At week 42, it was a very influenza A season, with 97.7% of samples tested containing influenza A strains. The most common specific strain was influenza A H3N2, present in 74.6 % of samples, followed by (H1N1)pdm09 in 25.4% of them. So far, this has been a not-too-B influenza season, with influenza B appearing in only 2.3% of the samples tested. Keep in mind that this distribution could very well change as the flu season plods along.

Catching the flu is definitely not the same as catching a cold. Compared to the common cold, which is usually self-limiting, perhaps leaving your head feeling like a hot pocket that’s been in the microwave too long, it’s common to have a “flu shook me all over” situation. the night “. The flu can really put you out of action for several days. In addition, there is always the risk of even more serious complications. Family physician Gretchen LaSalle, MD, tweeted a reminder that “I’m healthy” is no reason not to get a flu shot:

As you can see, LaSalle included a tweet from Families Fighting Flu, a nonprofit advocacy organization that describes itself as “dedicated to protecting children, families, and communities from the flu” and including “families whose loved ones suffered serious medical complications or died from the flu”. Their tweet mentions the tragic story of Brandon Gonzales who went from a healthy nine-year-old going go-karting and eating pizza to dying of the flu.

Getting vaccinated can not only prevent you from getting infected in the first place, but can also reduce the severity of your symptoms if you end up getting infected. Of course, the flu vaccine cannot provide 100% protection. Of course, getting vaccinated doesn’t mean it’s okay to dive into mosh pits with impunity or lick doorknobs. But as with clothing, some protection is better than no protection. During most influenza seasons, vaccine effectiveness tends to be at least 40%.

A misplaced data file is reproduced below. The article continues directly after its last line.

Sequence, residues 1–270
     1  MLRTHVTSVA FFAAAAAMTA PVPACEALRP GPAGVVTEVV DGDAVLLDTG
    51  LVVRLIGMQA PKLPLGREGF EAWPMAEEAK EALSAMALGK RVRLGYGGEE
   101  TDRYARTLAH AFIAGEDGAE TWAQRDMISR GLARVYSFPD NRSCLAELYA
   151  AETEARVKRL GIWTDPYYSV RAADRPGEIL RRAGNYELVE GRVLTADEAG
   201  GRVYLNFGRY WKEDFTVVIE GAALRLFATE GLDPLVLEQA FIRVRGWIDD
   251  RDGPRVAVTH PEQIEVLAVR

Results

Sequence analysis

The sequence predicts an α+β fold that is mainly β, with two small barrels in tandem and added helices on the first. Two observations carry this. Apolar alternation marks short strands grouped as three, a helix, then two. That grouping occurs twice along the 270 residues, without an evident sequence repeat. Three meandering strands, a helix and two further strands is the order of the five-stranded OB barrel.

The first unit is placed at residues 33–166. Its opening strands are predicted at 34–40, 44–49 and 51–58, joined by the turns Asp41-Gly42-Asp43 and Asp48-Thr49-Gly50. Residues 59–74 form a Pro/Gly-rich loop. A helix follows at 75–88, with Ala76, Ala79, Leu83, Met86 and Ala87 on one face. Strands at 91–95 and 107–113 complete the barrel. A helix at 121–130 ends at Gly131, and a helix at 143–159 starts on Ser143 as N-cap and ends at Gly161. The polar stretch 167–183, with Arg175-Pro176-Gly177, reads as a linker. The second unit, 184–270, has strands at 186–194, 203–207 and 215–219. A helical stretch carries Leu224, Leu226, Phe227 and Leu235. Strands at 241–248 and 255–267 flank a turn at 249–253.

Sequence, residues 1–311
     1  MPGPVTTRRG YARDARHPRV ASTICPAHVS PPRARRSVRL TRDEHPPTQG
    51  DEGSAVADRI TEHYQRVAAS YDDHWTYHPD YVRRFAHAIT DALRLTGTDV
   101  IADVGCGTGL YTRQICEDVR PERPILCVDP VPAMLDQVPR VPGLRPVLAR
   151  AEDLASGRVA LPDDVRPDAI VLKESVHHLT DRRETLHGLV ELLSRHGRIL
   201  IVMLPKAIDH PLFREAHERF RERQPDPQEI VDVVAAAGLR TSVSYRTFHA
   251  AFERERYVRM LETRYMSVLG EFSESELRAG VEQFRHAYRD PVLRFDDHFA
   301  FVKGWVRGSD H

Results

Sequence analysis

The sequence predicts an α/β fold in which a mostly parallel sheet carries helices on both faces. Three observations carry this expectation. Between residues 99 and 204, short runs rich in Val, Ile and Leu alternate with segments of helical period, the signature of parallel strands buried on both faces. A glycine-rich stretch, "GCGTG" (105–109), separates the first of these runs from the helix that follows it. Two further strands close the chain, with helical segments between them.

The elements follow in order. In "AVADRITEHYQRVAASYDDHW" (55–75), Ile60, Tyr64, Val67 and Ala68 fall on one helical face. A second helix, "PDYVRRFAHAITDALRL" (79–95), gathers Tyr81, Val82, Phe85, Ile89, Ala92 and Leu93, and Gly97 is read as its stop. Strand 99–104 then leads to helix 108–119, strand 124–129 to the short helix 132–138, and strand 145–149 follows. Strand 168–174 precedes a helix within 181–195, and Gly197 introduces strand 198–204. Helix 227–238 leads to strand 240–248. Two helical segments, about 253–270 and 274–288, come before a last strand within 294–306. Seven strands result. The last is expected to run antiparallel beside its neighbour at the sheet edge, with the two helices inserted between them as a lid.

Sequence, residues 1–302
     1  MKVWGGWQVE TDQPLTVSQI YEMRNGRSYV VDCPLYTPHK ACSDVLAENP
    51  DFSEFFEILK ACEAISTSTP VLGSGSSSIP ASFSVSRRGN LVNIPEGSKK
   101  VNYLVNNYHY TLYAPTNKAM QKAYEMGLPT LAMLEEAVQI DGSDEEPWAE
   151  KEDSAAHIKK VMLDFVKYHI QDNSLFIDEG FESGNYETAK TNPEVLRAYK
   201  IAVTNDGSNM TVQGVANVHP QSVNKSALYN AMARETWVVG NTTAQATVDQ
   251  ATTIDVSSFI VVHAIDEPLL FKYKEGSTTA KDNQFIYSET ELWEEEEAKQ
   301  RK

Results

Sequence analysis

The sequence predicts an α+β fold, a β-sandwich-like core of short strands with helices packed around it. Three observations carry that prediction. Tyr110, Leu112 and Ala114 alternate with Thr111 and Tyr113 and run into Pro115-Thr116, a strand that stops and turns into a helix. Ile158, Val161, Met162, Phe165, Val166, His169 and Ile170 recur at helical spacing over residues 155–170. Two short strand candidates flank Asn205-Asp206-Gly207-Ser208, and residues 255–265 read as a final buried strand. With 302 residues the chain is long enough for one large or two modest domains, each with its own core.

That’s why the CDC recommends that you get the flu shot every year, assuming you’re at least six months old. If you are less than six months old and reading this, you should wait until your immune system is more developed. But congratulations on your ability to read.

If you haven’t had your flu shot yet, there’s no need to wait any longer. It takes about two weeks for protection from the flu shot to kick in fully, so getting vaccinated now should protect you through National Clean Your Fridge Day on Nov. 15 and the Thanksgiving holiday the following week.

Oh, and if you’re wondering, you can get your flu shot and the Covid-19 vaccine at the same time as Norlaine Thomas, PhD, whose Twitter profile describes her as a “filmmaker, hockey player, mom, domestic goddess, political geek, writer,” tweeted:

Her reasons given for her and her husband to receive the Covid-19 booster and flu shots: “We did this because we are responsible adults and we trust science. We don’t want to get sick and we don’t want to risk making someone else sick. Imagine that. Take care of yourself and others.

Following the science is what will help get through this winter, which could be difficult from a respiratory virus standpoint with the Covid-19 coronavirus, influenza virus and other viruses like respiratory syncytial virus (RSV). Ultimately, viruses don’t care about your ideology. They don’t care about your freedom. They just know that if you don’t protect yourself with vaccinations, face masks, hand hygiene and proper social distancing, they will have the freedom to put their nose and mouth at you.